Robot Sneakadoodle tutorial

Posted by Elizabeth Mackinney on

2016-08-02FP-PurpleRobotStepFinalB-W

While many designs are requested particularly by one gender or another, it’s also important to have plenty of gender neutral designs available which appeal to all kids and adults, because you never know what they’re going to request during an event. This Sneakadoodle robot works for both boys and girls, and although I chose a simple triad (purple, green, and orange), the colors can be altered to fit any child’s favorites.

Materials

Paradise purple
Paradise lime green
Paradise red
TAG orange
TAG yellow
Diamond FX black
Diamond FX white
#2 round brush
#5 round brush
1/2-inch flat or filbert brush
Sponge
Cosmetic glitter (optional)

Tutorial

Using your 1/2-inch flat brush or filbert, begin by painting the shapes of your robot’s eyes right in the middle of the forehead at approximately a 45 degree angle with yellow. Make the mouth below it, and then create the purple shape around the facial features.

2016-08-02FP-PurpleRobotStep01

Sponge the rest of the forehead area with Paradise lime green, and when this has dried sufficiently, paint the robot claws over the top with your flat or filbert brush. If you decide to add glitter, use your poofer now before the paint dries completely so it sticks to the design.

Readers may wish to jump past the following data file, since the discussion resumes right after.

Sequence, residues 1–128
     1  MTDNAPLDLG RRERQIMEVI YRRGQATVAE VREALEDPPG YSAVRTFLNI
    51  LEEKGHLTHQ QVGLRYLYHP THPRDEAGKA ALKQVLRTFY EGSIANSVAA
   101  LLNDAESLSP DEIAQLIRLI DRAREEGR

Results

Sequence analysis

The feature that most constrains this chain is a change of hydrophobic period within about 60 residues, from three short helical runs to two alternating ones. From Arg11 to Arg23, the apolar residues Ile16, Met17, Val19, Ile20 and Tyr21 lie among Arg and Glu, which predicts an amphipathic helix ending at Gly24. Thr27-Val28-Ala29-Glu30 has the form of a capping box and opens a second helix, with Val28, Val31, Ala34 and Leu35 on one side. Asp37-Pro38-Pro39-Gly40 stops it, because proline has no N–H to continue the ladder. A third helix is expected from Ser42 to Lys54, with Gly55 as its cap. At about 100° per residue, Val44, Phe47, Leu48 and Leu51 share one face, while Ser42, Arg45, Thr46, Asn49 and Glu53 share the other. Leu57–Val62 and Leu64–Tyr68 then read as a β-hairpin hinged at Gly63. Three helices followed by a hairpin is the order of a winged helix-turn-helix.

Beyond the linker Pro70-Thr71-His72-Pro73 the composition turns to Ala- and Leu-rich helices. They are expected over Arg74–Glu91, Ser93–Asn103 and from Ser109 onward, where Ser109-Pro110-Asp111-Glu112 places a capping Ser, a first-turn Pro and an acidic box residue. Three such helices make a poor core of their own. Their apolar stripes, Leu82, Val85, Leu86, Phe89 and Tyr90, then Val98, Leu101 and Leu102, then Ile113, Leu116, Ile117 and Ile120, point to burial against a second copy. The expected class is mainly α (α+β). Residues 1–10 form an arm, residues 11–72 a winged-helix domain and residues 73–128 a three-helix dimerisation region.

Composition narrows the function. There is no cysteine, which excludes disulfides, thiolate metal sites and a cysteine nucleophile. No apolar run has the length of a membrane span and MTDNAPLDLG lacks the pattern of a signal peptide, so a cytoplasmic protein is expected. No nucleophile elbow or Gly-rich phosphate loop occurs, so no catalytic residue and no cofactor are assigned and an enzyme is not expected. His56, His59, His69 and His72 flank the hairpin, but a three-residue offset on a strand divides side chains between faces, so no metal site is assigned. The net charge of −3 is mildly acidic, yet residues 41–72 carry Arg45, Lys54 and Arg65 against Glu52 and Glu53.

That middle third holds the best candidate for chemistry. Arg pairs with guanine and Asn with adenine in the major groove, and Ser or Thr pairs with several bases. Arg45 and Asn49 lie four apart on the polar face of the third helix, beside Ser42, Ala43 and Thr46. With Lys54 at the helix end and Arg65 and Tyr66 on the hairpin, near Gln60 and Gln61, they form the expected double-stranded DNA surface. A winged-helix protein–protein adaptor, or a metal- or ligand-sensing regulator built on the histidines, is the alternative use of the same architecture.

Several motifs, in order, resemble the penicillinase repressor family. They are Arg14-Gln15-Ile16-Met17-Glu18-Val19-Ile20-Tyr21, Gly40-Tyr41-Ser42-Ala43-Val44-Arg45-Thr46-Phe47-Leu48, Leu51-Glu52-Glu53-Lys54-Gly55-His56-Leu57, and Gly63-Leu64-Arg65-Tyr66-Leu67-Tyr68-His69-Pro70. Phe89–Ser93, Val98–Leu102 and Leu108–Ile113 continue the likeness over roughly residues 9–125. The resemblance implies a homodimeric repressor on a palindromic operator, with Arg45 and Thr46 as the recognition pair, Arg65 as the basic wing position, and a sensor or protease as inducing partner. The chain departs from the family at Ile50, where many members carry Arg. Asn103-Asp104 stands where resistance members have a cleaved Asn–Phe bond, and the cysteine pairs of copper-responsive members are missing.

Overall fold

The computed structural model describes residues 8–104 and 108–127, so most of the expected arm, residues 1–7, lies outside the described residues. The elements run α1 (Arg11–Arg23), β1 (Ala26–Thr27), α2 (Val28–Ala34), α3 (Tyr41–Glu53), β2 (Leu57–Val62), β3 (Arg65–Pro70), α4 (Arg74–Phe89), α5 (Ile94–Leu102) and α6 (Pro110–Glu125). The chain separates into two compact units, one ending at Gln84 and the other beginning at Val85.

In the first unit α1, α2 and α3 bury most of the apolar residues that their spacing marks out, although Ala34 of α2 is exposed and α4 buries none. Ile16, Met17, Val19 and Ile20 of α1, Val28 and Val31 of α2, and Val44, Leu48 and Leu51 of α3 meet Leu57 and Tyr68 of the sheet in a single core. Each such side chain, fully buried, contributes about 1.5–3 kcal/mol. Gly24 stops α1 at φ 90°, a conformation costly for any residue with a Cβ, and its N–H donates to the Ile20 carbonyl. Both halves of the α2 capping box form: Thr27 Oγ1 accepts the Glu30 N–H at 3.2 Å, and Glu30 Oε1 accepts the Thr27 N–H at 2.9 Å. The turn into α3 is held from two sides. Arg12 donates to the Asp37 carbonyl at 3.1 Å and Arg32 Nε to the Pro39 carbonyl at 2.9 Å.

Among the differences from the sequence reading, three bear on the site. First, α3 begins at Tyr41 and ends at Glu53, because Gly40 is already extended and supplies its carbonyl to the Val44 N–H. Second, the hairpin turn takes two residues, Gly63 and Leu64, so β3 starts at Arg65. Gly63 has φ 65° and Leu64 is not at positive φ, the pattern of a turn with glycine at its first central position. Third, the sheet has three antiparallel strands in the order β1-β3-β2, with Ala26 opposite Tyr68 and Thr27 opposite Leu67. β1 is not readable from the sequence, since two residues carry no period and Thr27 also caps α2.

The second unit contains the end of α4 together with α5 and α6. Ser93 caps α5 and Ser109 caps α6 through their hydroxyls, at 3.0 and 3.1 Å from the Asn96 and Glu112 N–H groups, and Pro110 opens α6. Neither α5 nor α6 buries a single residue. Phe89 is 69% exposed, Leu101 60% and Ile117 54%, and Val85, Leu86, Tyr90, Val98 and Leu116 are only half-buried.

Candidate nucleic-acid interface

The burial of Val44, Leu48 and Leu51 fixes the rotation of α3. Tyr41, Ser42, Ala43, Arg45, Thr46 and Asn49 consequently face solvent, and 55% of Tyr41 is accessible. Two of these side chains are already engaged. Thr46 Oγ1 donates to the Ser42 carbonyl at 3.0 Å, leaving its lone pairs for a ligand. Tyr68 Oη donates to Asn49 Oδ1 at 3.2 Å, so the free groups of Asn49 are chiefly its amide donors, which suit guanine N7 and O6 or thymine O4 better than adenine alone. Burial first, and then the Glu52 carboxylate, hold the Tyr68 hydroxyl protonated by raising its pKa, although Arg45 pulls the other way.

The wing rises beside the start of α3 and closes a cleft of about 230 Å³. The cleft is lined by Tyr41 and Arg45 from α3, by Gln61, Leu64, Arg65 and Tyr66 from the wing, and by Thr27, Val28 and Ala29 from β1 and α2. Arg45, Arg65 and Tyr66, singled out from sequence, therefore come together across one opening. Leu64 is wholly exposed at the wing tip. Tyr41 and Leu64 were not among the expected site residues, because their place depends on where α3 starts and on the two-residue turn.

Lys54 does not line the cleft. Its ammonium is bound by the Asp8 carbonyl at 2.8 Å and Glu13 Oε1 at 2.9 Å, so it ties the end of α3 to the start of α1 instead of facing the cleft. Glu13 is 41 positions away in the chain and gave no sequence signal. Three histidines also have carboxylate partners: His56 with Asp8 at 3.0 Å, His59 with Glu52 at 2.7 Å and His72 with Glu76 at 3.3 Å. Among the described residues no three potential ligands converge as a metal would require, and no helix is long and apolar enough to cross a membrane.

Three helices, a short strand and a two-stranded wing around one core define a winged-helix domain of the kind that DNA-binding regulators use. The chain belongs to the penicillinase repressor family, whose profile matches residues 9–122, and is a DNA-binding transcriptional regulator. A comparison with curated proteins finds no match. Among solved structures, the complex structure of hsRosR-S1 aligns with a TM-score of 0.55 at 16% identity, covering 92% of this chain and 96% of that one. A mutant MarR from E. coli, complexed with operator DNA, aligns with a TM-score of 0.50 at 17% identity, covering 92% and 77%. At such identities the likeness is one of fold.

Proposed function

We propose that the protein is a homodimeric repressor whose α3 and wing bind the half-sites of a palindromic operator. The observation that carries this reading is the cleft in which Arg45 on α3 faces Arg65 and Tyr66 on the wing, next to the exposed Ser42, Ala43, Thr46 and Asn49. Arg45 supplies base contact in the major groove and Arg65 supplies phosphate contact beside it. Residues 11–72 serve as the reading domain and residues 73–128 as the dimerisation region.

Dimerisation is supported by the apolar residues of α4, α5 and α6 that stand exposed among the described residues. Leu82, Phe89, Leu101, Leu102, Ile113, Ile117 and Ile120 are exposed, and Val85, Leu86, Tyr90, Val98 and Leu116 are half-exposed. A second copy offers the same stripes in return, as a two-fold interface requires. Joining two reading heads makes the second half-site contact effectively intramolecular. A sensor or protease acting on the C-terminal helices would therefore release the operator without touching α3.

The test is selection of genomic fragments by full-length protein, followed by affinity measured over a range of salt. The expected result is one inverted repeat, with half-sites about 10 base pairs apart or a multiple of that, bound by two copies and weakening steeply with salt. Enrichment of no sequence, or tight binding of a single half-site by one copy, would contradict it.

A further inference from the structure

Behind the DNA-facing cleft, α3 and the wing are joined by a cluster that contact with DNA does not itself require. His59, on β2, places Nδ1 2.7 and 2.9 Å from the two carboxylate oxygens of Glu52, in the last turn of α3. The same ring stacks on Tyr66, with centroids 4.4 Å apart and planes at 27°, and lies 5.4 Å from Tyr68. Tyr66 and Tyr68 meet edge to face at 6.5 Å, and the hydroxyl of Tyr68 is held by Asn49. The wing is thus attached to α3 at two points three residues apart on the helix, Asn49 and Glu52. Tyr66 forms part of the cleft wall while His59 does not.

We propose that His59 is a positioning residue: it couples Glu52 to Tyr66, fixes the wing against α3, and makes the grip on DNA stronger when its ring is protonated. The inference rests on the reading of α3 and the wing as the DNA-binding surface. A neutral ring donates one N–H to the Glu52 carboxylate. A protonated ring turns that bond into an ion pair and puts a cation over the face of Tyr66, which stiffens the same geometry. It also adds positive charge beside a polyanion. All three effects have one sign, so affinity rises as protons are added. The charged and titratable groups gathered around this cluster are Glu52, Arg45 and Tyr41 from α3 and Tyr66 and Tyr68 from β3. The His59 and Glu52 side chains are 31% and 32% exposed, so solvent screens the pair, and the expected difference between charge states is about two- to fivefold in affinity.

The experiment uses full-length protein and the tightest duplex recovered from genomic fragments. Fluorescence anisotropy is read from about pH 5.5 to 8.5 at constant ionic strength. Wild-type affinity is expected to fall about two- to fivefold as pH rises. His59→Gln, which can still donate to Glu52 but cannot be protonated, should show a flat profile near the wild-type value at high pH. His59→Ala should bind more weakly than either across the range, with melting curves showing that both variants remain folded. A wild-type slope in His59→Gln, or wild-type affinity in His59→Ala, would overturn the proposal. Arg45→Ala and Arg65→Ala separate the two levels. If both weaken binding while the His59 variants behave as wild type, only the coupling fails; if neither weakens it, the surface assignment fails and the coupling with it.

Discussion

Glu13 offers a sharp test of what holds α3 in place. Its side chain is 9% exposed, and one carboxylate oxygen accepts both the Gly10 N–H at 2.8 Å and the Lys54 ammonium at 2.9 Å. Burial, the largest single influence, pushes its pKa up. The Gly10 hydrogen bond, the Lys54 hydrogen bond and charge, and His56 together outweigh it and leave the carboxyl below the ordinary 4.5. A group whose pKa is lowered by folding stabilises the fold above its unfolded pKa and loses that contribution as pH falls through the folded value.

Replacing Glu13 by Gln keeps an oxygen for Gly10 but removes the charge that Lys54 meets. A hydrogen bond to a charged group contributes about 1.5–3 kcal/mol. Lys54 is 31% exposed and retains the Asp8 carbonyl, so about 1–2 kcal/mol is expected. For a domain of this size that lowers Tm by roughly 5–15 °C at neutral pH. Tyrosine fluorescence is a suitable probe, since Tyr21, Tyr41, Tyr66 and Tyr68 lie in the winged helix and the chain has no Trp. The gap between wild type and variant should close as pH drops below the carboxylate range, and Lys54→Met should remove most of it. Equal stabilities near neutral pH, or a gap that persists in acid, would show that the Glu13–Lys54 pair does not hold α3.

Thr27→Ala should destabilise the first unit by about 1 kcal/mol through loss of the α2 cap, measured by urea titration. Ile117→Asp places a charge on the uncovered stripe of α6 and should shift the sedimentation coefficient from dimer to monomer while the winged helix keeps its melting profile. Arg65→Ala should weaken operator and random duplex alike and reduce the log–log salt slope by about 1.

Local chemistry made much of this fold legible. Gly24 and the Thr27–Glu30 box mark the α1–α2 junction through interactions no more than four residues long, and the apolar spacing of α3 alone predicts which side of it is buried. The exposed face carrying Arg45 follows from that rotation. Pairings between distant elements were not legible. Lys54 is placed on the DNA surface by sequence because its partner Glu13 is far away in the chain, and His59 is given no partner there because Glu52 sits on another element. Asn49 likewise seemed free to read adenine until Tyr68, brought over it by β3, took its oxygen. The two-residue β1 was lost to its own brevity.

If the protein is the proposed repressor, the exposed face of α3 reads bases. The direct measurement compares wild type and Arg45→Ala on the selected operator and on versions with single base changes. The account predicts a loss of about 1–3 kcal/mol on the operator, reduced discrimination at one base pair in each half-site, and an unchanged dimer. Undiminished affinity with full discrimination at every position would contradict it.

Create the antennae with the round brush and a combination of TAG orange.

2016-08-02FP-PurpleRobotStep01B

Create two red eyes in the yellow area with your #5 round brush.

2016-08-02FP-PurpleRobotStep01C

Using a liner brush or your #2 round brush, outline your robot shapes being careful to stay up on the tip of your brush. A liner has longer bristles, so it will hold more paint for this purpose, but if you feel you need more control, stick with a regular round brush.

2016-08-02FP-PurpleRobotStep02

Using your Diamond FX or Wolfe white, add some highlights, dots, and starbursts to add cohesion to the entire design.

2016-08-02FP-PurpleRobotStepFinalA-W

I hope you enjoyed today’s tutorial, and I’d love to see some of your robotic designs, so feel free to share them in the comments. Happy painting!

Beth MacKinney is the owner of and primary face painter for Face Paint Pizzazz in the NW Chicago suburbs. Stop by Clownantics.com for more of her face painting tutorials. If you’re on Facebook, join the Facepaint.com Challenge Group to showcase your artwork and have a chance to win a store credit for each week’s theme.


Share this post



← Older Post Newer Post →


Leave a comment